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Assume I have network as follows (R1, R2, and R3 are routers):

LAN A -> R1 -> R2 -> R3 -> LAN B

Now, if LAN A generates frame for LAN B, then I am looking how many times TTL will be decremented?

LAN A will look till DLL, then R1, R2, and R3 will decrement TTL by one each. So, net TTL is decremented by three. Is it possible that the receiver also decrements TTL? If yes, then why so?

P.S:- I have checked some online sources, and everyone says that TTL is decremented by routers only, and not by a destination host.

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  • Why should the destination decrement TTL? The destination would receive a packet but then decide to drop it?
    – Zac67
    Aug 18, 2017 at 7:35

1 Answer 1

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In practice, a host probably doesn't decrement the TTL, but what an actual host or OS does is off-topic here.

According to RFC 791, Internet Protocol, the IPv4 module in the host network stack should decrement the TTL, too, as it processes the IPv4 header. This is to protect upper-layer protocols from old data:

Time to Live: 8 bits

This field indicates the maximum time the datagram is allowed to remain in the internet system. If this field contains the value zero, then the datagram must be destroyed. This field is modified in internet header processing. The time is measured in units of seconds, but since every module that processes a datagram must decrease the TTL by at least one even if it process the datagram in less than a second, the TTL must be thought of only as an upper bound on the time a datagram may exist. The intention is to cause undeliverable datagrams to be discarded, and to bound the maximum datagram lifetime.

-and-

Time to Live

The time to live is set by the sender to the maximum time the datagram is allowed to be in the internet system. If the datagram is in the internet system longer than the time to live, then the datagram must be destroyed.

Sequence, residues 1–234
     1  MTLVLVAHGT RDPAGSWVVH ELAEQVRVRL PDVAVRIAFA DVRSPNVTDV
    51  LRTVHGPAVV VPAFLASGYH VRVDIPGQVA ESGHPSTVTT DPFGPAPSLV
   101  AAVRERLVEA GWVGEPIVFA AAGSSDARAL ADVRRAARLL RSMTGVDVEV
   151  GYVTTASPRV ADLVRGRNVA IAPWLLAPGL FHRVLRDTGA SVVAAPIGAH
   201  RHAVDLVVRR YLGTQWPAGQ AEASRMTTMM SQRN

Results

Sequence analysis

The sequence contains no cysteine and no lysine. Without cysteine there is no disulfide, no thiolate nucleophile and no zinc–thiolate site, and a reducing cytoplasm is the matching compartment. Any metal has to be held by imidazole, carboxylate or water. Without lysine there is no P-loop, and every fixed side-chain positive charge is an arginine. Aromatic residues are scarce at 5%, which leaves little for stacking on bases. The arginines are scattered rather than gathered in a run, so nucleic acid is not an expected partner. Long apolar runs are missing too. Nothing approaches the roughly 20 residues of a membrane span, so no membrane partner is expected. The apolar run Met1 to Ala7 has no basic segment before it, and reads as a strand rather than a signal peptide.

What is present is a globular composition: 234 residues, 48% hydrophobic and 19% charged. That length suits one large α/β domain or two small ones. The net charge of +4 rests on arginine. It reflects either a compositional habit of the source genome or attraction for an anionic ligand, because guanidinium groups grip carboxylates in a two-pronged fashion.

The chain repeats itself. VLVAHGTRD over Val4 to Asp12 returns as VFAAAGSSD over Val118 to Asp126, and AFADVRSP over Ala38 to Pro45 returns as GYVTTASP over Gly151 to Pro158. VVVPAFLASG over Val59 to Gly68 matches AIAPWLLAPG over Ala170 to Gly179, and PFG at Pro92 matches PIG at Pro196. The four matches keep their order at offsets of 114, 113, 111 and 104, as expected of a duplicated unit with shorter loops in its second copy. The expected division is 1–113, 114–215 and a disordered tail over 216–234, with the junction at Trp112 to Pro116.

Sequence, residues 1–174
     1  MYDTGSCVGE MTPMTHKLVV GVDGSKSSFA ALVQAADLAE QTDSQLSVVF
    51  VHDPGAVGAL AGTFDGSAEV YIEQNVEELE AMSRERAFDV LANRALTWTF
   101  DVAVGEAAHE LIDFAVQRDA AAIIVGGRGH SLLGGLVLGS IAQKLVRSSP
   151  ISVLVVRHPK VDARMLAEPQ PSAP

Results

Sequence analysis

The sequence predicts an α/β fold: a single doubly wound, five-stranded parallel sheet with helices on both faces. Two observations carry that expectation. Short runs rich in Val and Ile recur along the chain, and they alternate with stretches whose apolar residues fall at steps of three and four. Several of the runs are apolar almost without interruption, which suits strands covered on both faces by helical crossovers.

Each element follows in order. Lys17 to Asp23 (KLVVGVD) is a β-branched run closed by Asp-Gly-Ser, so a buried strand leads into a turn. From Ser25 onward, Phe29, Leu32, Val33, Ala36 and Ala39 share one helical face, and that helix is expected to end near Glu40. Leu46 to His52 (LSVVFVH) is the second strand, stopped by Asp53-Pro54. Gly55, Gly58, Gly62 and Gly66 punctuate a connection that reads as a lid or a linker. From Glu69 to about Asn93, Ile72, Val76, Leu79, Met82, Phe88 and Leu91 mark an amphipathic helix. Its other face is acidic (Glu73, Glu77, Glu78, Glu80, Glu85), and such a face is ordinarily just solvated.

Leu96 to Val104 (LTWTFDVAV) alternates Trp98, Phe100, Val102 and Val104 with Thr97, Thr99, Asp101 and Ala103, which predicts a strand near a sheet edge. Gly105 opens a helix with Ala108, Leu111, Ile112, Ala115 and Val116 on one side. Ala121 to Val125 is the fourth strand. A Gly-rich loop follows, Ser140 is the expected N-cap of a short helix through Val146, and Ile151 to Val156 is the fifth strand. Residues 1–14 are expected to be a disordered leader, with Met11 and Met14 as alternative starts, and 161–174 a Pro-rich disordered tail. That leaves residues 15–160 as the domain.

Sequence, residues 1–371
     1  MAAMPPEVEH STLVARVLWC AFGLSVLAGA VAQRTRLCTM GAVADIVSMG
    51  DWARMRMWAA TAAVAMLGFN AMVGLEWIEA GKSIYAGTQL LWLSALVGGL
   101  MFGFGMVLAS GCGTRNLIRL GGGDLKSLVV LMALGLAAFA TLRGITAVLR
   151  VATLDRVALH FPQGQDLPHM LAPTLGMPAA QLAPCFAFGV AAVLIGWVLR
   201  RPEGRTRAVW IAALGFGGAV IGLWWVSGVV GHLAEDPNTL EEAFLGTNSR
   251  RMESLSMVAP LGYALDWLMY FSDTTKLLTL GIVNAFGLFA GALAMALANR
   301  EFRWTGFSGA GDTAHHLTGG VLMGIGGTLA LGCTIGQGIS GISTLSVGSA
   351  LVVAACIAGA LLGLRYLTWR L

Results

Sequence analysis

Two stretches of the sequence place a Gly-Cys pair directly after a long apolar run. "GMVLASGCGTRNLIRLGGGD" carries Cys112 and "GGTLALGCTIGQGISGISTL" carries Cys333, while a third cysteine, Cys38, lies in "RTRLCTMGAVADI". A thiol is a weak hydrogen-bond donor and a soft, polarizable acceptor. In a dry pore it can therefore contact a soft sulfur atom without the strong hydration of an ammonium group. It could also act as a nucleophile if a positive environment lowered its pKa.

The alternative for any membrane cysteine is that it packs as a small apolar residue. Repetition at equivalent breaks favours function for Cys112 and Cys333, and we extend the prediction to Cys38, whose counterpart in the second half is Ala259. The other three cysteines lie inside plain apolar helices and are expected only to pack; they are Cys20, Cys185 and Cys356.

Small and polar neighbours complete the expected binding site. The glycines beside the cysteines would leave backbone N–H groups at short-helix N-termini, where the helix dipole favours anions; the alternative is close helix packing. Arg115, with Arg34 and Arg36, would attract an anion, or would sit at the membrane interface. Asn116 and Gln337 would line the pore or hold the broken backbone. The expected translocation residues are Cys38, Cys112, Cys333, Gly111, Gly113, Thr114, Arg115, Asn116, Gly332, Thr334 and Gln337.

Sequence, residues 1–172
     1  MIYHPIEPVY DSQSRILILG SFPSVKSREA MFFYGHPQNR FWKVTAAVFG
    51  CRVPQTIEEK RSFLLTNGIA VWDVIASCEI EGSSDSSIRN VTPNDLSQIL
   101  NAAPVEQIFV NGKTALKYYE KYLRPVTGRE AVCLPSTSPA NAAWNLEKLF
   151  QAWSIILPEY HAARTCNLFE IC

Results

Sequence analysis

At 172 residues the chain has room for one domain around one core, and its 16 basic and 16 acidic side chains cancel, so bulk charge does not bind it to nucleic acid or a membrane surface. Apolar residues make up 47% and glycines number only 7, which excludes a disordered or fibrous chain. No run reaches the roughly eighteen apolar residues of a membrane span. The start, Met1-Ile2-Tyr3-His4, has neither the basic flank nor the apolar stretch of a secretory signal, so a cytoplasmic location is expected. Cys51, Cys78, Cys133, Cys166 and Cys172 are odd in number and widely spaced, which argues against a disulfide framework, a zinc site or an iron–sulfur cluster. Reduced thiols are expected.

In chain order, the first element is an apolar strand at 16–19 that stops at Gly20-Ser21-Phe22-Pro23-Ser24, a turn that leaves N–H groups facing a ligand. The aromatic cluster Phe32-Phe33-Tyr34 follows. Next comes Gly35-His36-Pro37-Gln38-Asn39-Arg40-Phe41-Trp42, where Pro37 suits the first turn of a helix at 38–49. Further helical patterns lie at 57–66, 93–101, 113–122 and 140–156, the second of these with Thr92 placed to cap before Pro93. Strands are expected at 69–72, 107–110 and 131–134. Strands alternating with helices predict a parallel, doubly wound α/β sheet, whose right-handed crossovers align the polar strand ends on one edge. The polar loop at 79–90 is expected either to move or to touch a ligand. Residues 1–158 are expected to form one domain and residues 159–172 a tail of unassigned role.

This field must be decreased at each point that the internet header is processed to reflect the time spent processing the datagram. Even if no local information is available on the time actually spent, the field must be decremented by 1. The time is measured in units of seconds (i.e. the value 1 means one second). Thus, the maximum time to live is 255 seconds or 4.25 minutes. Since every module that processes a datagram must decrease the TTL by at least one even if it process the datagram in less than a second, the TTL must be thought of only as an upper bound on the time a datagram may exist. The intention is to cause undeliverable datagrams to be discarded, and to bound the maximum datagram lifetime.

Some higher level reliable connection protocols are based on assumptions that old duplicate datagrams will not arrive after a certain time elapses. The TTL is a way for such protocols to have an assurance that their assumption is met.

This leads to some confusion. Certainly, if a host is configured to forward IPv4 packets to other hosts on other networks, including VMs on an internal, virtual network, it should decrement the TTL, but that doesn't always seem to happen in real life.

For IPv6, the wording is more specific, telling you that a node that forwards a packet must decrement the Hop Limit field. Instead of a TTL field, IPv6 uses a Hop Limit field. The IPv6 Hop Limit field is really the same thing as the IPv4 TTL field.

RFC 2460, Internet Protocol, Version 6 (IPv6) Specification:

Hop Limit

8-bit unsigned integer. Decremented by 1 by each node that forwards the packet. The packet is discarded if Hop Limit is decremented to zero.

The IPv6 RFC seems to say that IPv4 hosts are required to enforce the TTL, which doesn't seem to really happen:

8.2 Maximum Packet Lifetime

Unlike IPv4, IPv6 nodes are not required to enforce maximum packet lifetime. That is the reason the IPv4 "Time to Live" field was renamed "Hop Limit" in IPv6. In practice, very few, if any, IPv4 implementations conform to the requirement that they limit packet lifetime, so this is not a change in practice. Any upper-layer protocol that relies on the internet layer (whether IPv4 or IPv6) to limit packet lifetime ought to be upgraded to provide its own mechanisms for detecting and discarding obsolete packets.

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  • Is it possible that destination host decrements and checks the TTL value before accepting ?I came across such a figure somewhere.I will post that as a separate post Aug 19, 2017 at 11:02
  • That's what the RFCs say it is supposed to do, but in practice, most OSes simply do not do that. Unfortunately, questions about what hosts or OSes do are off-topic here.
    – Ron Maupin
    Aug 19, 2017 at 17:18

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